5. Gonzaga (4-5): The Zags found some balance in its not-as-close-as-it-looks 83-79 loss to Notre Dame on Saturday, but they’re still struggling to find a floor leader (did I hear the name “Bouldin” whispered in the wind?). Elias Harris had 19 points, Steven Gray 18 and Robert Sacre 16 for the Zags against Notre Dame, and those numbers are what the world was expecting this year. But even with strong production from its core players, the Zags found themselves trailing the Irish by 14 in the second half, with another rout seemingly in the works. Only a lethargic effort by Notre Dame down the stretch prevented that, and the Zags are struggling to find a steadying force in the backcourt to supplement their power players. Transfer Marquise Carter doesn’t look like the answer so far, and veteran Meech Goodson has not put a strong stamp on the team. With a breather Thursday against Lewis Clark State in Spokane, the Zags are thrust right back into the fire on Saturday with a game against Baylor in Arlington.
  6. San Francisco (4-5): A light week was good news for a team struggling to find healthy bodies, and the Dons rewarded themselves with a 50-48 overtime win over rugged Montana. Guard Cody Doolin, who went down in the Dons’ loss at Louisville last week, returned to help his teammates hold off the Grizzlies, but it was his backcourt mate Michael Williams who stole the show. Williams accounted for 23 points and 13 rebounds in the low-scoring affair, and was joined by Perris Blackwell with 12 and ten. The Dons will need efforts like those and much more as it travels to Seattle on Saturday to face streaking Washington.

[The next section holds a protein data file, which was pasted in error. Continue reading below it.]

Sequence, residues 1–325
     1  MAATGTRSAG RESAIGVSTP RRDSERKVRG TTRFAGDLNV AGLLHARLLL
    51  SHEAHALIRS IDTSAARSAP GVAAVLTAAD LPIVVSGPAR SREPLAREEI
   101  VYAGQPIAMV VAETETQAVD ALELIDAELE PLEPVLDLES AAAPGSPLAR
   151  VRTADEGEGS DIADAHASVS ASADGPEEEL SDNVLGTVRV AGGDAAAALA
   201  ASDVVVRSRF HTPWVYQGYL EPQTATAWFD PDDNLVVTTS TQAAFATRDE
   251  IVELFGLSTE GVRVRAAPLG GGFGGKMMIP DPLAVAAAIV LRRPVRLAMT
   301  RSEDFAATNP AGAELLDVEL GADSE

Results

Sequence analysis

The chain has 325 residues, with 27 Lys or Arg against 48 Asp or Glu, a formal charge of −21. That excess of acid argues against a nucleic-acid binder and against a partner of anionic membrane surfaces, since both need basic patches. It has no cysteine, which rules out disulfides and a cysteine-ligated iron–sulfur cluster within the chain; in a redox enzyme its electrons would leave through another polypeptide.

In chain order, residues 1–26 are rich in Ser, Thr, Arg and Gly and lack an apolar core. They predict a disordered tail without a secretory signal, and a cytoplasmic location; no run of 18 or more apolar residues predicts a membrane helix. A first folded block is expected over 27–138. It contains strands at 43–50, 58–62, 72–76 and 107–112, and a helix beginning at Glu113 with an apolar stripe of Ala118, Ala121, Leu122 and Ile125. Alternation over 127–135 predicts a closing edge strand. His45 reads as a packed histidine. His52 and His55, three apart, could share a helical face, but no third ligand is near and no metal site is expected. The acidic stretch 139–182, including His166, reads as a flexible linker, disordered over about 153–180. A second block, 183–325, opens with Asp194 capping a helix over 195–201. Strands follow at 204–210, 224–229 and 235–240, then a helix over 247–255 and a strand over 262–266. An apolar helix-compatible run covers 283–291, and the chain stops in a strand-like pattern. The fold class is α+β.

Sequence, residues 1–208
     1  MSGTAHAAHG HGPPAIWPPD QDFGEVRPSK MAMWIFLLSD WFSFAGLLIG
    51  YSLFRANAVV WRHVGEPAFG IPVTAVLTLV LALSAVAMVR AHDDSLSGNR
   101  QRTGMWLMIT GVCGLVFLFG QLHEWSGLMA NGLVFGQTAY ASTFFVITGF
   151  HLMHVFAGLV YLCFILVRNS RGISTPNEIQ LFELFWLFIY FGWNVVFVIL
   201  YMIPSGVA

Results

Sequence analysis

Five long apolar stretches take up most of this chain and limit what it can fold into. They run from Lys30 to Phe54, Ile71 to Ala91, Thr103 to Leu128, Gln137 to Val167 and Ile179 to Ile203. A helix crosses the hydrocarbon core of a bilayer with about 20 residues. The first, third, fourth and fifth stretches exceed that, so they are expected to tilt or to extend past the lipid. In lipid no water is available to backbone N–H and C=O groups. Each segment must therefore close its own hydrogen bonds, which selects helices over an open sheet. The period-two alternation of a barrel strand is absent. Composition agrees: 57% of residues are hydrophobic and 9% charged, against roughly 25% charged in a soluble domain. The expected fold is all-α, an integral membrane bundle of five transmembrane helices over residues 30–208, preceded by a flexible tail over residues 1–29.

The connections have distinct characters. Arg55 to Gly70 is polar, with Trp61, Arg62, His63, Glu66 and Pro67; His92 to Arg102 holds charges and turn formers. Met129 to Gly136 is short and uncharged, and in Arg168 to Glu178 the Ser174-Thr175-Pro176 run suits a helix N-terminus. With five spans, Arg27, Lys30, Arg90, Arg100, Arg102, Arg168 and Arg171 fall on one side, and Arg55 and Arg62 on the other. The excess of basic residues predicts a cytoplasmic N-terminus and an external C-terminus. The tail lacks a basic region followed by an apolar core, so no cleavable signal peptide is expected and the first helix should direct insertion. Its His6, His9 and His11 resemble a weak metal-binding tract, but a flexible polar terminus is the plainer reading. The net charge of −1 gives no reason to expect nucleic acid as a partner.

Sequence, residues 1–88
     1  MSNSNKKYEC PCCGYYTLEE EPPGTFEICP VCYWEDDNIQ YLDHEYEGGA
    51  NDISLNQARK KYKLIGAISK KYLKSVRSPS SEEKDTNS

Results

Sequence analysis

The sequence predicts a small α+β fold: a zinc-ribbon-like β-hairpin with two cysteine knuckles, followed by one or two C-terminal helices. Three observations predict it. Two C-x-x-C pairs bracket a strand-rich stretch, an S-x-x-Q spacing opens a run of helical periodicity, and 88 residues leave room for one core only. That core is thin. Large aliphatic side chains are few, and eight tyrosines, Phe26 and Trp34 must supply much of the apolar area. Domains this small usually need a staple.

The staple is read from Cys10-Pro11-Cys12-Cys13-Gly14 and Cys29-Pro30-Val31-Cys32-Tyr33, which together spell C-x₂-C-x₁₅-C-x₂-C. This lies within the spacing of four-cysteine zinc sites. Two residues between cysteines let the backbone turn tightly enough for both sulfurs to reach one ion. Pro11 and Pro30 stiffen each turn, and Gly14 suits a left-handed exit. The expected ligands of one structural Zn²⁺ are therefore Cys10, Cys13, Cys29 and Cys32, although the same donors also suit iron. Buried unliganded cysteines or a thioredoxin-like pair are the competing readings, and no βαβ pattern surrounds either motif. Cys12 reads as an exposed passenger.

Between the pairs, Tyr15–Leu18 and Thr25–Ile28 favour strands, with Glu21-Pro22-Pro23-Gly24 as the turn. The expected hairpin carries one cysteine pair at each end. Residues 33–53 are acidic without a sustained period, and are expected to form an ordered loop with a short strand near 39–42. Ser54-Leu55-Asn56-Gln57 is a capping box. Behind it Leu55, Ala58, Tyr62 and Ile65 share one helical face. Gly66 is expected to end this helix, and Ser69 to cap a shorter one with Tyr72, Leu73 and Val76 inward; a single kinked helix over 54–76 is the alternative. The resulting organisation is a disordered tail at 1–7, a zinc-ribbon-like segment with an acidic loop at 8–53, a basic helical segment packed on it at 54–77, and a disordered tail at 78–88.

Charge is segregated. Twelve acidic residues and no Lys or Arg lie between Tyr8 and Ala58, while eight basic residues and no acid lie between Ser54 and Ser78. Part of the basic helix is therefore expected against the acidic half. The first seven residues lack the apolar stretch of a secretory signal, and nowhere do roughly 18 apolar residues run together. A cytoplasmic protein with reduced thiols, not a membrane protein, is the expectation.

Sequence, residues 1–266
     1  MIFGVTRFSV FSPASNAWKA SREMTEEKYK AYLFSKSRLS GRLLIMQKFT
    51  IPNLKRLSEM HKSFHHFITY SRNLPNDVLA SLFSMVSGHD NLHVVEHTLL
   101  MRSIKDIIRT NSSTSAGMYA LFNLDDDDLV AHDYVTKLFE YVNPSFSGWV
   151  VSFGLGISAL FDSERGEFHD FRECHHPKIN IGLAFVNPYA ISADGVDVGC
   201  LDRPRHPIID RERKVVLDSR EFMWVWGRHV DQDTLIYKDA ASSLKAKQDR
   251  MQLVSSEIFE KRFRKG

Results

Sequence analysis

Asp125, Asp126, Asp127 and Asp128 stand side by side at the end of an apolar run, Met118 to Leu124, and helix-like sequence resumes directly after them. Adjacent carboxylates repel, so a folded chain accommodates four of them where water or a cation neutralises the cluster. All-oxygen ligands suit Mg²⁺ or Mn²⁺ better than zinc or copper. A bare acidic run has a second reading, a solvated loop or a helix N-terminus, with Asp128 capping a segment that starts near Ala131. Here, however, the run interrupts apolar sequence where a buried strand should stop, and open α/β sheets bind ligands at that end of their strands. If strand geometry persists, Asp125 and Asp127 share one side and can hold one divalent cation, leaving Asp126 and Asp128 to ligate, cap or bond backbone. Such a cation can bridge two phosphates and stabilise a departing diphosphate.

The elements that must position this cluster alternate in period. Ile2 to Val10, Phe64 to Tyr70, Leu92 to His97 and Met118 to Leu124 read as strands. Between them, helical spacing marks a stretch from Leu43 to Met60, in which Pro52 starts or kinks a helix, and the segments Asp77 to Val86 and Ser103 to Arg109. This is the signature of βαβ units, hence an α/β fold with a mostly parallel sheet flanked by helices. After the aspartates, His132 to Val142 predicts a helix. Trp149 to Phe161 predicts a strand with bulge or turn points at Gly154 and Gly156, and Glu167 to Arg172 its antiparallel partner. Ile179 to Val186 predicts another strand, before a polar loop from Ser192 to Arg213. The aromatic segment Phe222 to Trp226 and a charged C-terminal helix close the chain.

7. Pepperdine (4-8): The Waves racked up 27 turnovers in its 64-51 road loss to Fresno State. Conference POY candidate Keion Bell had eight of them. Pepperdine will hope to get back on track Saturday when it hosts UC-Irvine.
  8. San Diego (2-8): USD had something to celebrate with Monday’s 82-57 pasting of Laverne, and could overlook the fact that its first victory in nine tries came at the expense of a 3-4 NCAA Division-III squad that doesn’t grant athletic scholarships. Why quibble? Bill Grier may have found some answers with the second straight strong games from burly 6’11 center Chris Gabriel and transfer guard Darian Norris. Adding fuel to a small glow of hope for the Toreros was the play of freshman forward Trevor Fuller, who elicited some excitement as a star for Episcopal School of Dallas, but has mainly sat the bench for San Diego. Gabriel, Norris and sophomore Ken Rancifer scored 14 points each, while Fuller contributed six points in 17 minutes. Things might not be so cheery next week in Honolulu when the Toreros take on the likes of Baylor, Washington State or Mississippi State in the Diamond Head Classic.

A Look Ahead